I have read variations on this, such as in the 1920 Parent's Review article on "A Liberal Education": "The reading is followed by narration, and then by such teaching as Paterson Smythe [sic] gives in his Bible for the Young." And that seems to agree more with the instructions given in the term programme: "In all cases the Bible text must be read and narrated first...Teacher to prepare beforehand; in teaching, read the Bible passages ONCE and get the children to narrate; add such comments (see Paterson Smyth) as will bring the passages home to the children." (Term Programme 92, Form I) So either Charlotte had forgotten her own curriculum (she was old!); or someone else wrote this section and misfired; or there was just more than one possible and approved way of approaching a lesson. I tend to go with the last one. The reason I'm going into this much detail about one subject for one level is that, even with the amount of detail we're given in this chapter, and in Charlotte Mason's other books (such as School Education), a lot of "CM archaeologists" still wish they could be flies on the wall, just for a few hours, in one of the early classes, and see how things were done right. There's been a lot of guessing, a lot of arguing, a lot of trying to fit together slightly contradictory statements (like these). Maybe it's closer to the truth to think that there was some variation, over time or between teachers. I know Charlotte kept notes on her student teachers and reprimanded them for not doing such-and-such correctly; but maybe there were places where a personal approach was allowed, as long as the principles were followed.
While we're still on the subject of primary-level Bible lessons, how much was covered in a term's programme? The programmes are usually divided up by the lessons in the commentary, rather than by the actual Bible chapters, so it's a bit confusing. We do have the Joshua and Judges commentary online, and Programme 42 has them study "Joshua, Lessons ix., x.; Judges, Lessons i., ii., iii., iv., v., vi." From the Table of Contents of the commentary, that included, from Joshua, IX THE STORY OF A MISUNDERSTANDING (Joshua 22), and X AN OLD MAN'S ADVICE (Joshua 24).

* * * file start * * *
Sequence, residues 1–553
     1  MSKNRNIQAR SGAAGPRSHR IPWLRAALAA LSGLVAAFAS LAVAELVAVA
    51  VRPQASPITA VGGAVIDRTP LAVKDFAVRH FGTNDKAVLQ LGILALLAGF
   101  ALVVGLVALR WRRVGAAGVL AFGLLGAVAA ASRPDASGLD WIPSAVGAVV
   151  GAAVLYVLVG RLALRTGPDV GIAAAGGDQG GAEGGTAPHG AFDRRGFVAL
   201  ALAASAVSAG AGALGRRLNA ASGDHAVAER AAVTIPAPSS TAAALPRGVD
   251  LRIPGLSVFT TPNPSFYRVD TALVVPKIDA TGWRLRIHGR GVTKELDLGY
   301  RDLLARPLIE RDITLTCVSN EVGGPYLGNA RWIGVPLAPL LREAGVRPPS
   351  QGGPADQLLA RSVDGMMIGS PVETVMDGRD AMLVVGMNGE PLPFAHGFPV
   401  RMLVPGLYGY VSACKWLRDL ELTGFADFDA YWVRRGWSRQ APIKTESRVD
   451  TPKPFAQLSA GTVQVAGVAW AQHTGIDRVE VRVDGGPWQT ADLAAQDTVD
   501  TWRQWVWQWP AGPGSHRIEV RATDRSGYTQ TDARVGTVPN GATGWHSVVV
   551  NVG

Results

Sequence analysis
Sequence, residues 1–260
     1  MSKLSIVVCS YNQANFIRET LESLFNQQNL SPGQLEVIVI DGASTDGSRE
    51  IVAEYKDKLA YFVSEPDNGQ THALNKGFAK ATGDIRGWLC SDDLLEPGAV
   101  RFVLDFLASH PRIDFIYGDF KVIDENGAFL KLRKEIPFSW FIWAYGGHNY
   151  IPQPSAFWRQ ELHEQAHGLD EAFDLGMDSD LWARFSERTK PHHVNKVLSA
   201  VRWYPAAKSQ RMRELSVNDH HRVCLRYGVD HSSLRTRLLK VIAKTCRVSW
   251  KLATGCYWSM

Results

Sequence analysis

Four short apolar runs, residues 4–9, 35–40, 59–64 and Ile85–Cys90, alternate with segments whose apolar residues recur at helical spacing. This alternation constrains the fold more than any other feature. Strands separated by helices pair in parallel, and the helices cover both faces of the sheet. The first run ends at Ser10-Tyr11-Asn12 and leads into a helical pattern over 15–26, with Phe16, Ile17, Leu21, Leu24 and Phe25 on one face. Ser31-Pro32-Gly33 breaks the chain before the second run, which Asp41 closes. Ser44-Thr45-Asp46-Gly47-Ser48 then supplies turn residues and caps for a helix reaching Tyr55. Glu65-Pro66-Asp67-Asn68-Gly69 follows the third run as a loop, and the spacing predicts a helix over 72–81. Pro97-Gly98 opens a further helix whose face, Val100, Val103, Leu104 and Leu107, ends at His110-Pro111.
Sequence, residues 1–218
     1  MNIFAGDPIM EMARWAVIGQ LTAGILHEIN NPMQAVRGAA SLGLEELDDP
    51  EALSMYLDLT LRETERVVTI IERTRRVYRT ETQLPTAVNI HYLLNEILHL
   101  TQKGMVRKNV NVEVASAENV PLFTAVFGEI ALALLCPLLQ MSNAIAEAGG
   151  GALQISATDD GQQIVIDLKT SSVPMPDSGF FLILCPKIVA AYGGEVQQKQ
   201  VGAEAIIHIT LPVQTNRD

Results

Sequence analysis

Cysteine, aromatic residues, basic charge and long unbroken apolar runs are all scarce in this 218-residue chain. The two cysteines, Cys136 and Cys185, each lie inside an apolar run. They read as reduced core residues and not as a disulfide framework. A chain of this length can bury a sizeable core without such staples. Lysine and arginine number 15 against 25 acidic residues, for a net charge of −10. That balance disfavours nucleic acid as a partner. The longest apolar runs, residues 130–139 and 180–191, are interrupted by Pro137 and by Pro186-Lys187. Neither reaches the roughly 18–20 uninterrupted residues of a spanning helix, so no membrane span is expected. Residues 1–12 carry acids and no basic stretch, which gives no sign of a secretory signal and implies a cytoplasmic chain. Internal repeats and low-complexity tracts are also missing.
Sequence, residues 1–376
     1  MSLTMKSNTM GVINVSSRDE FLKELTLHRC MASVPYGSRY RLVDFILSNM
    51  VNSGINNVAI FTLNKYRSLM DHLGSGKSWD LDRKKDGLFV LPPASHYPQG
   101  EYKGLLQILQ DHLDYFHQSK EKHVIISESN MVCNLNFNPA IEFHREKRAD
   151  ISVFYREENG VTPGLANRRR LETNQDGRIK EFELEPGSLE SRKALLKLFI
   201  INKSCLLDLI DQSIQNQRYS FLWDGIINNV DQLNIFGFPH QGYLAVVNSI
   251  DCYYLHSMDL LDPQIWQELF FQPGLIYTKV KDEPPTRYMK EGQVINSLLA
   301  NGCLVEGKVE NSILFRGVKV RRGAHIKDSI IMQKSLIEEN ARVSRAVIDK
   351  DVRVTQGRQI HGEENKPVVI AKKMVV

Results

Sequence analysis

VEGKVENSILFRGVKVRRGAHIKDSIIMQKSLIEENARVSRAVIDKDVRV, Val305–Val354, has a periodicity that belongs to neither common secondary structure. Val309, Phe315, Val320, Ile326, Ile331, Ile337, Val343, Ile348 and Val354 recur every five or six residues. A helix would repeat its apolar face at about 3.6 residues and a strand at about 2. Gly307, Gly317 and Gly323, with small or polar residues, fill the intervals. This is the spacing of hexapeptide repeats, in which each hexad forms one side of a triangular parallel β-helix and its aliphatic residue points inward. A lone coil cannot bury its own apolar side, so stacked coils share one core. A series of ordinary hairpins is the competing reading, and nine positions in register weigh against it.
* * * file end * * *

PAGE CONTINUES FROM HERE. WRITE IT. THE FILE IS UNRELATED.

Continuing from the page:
From Judges, the six chapters (I will not give the titles) covered Judges 2; Judges 3:7-15 plus verse 31, and 4:1-15; Judges 5; Judges 6; Judges 7; Judges 11. (That last one is about Jephthah, so it's a good one to look at to see how sensitive material was handled.) They were to do Old Testament readings about three times a week, so the commentary lessons may have been broken up into shorter readings.
It may not appear that they covered a lot in a term, but they were also doing Gospel or Acts readings, and memory work. They also had "Sunday readings" suggested; not as far back as Programme 42, but by the time they got to around 1920; see Programme 91 for a sample book list.
And that's enough for one post.